Does Main Street Need a Wall Street Strategy?
By Rob Taylor
As Wall Street pushes higher, a pandemic-weary Main Street is relearning how to manage cash flow with the hope of keeping its retirement dreams alive.
Self-employed Americans, and the people working for them, account for roughly 30 percent of the nation’s workforce.1
In the best of times, putting aside money for retirement was a challenge for this group. Before the pandemic, just 13 percent of people who run a single-person business set aside money in a workplace retirement plan. By comparison, 72 percent of people in large companies participate in retirement plans.2
In recent weeks, the Dow Jones Industrial Average crossed 30,000 for the first time. And this year, the Standard & Poor’s 500 index has picked up more than 10 percent through November. But some self-employed Americans are just reading about the rally, not participating.3,4
There’s no shortage of retirement plan choices and programs. But the uncertain outlook has forced many to build larger-than-normal cash reserves to help manage through any operating restrictions or shutdowns.5
If you’re a self-employed business owner who’s struggling with managing cash flow while keeping an eye on your future, please give us a call. We may offer some guidance on how to set priorities so both goals can be within your reach.
1. Pew Research Center, August 29, 2019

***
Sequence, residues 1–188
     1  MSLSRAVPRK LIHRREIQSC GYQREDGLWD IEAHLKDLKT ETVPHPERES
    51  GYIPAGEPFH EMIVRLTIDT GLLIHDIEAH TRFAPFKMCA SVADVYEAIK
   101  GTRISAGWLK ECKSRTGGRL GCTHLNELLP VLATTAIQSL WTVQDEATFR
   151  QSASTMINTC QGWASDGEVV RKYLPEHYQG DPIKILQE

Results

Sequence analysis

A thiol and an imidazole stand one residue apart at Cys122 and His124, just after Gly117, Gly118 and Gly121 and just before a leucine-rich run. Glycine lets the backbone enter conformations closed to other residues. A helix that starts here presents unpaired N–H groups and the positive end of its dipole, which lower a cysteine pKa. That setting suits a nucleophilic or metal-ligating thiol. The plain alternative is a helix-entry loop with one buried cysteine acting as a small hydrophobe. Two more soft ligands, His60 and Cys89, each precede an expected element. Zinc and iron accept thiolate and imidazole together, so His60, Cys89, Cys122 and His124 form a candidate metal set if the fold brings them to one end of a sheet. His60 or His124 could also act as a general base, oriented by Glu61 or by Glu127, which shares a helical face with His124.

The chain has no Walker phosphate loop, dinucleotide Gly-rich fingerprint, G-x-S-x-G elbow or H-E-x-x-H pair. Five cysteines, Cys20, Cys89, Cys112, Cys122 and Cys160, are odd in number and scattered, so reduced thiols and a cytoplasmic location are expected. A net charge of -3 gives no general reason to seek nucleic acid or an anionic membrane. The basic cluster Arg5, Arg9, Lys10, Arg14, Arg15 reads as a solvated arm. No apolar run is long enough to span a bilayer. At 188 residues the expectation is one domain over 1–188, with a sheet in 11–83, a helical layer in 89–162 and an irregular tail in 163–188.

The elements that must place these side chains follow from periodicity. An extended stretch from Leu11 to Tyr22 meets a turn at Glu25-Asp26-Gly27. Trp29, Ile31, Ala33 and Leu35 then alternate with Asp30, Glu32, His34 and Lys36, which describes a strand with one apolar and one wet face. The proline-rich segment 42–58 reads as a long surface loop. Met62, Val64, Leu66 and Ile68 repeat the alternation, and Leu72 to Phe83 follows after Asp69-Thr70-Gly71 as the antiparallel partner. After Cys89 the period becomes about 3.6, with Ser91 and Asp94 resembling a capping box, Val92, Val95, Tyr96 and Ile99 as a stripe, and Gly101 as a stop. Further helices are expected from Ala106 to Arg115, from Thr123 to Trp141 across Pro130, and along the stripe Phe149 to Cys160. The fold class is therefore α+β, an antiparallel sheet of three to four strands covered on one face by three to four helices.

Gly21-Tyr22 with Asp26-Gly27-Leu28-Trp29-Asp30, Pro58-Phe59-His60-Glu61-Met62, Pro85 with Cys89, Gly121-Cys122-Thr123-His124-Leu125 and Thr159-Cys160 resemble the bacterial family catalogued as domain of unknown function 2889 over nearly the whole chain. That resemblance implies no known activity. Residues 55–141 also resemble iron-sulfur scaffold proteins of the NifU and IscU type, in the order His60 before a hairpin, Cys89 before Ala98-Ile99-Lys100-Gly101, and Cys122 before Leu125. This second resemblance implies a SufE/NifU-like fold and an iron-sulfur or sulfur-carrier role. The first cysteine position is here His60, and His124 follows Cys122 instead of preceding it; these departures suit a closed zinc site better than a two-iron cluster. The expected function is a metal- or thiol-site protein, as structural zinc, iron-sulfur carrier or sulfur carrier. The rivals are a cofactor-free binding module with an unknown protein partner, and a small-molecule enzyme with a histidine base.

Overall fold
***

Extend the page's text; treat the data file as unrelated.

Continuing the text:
This article is for informational purposes only and is not a replacement for real-life advice, so make sure to consult your tax, legal, and accounting professionals before modifying your retirement strategy. The Dow Jones Industrial Average is an unmanaged index that is generally considered representative of large-capitalization companies on the U.S. stock market. The S&P 500 Composite Index is an unmanaged group of securities considered to be representative of the stock market in general. Index performance is not indicative of the past performance of a particular investment. Past performance does not guarantee future results. Individuals cannot invest directly in an index. Investing involves risks, and investment decisions should be based on your own goals, time horizon and tolerance for risk. The return and principal value of investments will fluctuate as market conditions change. When sold, investments may be worth more or less than their original cost.
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